“[P]eople fail to consider that federal guarantees make bank failures more likely by artificially encouraging people to choose the highest interest rates available, which in turn causes bankers to seek riskier, higher-yielding loans and investments”.

Because in our cozy nanny state, the bankers enjoy an exalted safety net the rest of us capitalist pigs can’t, in fact, mustn’t depend on:

“Failing banks do not face the same fate as other failing businesses. Other failing businesses must contract, face more restrictive credit conditions, tighten their belts, and turn adverse results around as quickly as possible to become more viable. Failing banks, however, can ignore the reality of their situation…They can use federally guaranteed deposits to try to speculate themselves out of trouble

What if businesses could operate impervious to the whims and pitfalls of the real world? Imagine if you will a scenario in which all businesses operating in Canada were automatically covered by the CBEOLIC, the Canadian Business Errors & Omissions Liability Corporation. Over time, you watch the effectiveness of the entire business sector erode away to incompetence of tragic proportions. Why try harder to mitigate risks? If anything goes wrong the government will mail you a cheque. What a country!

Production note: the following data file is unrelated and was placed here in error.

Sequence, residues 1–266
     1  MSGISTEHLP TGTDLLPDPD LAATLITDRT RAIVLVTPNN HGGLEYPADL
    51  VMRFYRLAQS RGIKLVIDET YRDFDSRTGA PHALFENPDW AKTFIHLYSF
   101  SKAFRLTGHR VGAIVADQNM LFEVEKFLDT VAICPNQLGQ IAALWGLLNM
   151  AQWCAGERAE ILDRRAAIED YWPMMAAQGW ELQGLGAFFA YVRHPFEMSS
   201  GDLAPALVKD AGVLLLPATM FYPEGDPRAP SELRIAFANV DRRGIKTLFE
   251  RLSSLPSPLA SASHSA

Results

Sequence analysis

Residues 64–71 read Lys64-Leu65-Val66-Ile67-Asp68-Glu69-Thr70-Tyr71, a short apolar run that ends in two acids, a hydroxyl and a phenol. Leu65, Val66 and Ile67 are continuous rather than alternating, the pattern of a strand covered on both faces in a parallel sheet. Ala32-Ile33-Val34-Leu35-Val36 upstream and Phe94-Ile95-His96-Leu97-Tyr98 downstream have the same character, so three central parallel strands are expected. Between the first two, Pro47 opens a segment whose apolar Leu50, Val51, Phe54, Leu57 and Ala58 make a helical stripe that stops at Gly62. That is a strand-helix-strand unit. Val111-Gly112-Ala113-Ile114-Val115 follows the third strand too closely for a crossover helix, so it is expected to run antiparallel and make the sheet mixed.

Somewhere along the line the desire to collectively pool resources (taxation) to protect the unfortunate during hard times mutated into a perversion where a coddled citizenry expect “the government” to absolve them from taking responsibility for their own lives.

It permeates into all walks of life whether people care to admit it to themselves or not. Why bother saving any money? If you lose your job you get Unemployment Insurance. Why put anything away for the future? When you get old you will get payments from the Canada Pension Plan. People don’t cop to this on a conscious level, it just manifests as the aggregate household savings rate slides down over the years. Seldom do people carry out simple back-of-the-napkin calculations that would help them understand that UI is no substitute for lost wages and if you actually tried to live off your projected CPP benefits then plan your retirement around living in a cardboard box and eating out of dumpsters.